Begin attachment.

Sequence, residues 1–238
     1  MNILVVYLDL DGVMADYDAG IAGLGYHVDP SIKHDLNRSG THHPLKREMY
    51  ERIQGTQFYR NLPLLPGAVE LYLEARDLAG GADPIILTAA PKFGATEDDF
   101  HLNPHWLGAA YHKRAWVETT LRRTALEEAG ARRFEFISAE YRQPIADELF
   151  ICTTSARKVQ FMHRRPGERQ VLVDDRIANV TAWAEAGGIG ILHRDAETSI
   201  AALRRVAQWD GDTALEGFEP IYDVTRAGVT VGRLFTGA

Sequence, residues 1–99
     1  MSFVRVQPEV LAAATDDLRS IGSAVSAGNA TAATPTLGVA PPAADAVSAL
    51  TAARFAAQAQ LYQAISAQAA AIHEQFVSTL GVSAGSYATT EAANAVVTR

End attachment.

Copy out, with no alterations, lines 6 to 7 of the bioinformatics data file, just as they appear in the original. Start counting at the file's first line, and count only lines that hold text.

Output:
   201  AALRRVAQWD GDTALEGFEP IYDVTRAGVT VGRLFTGA

Sequence, residues 1–99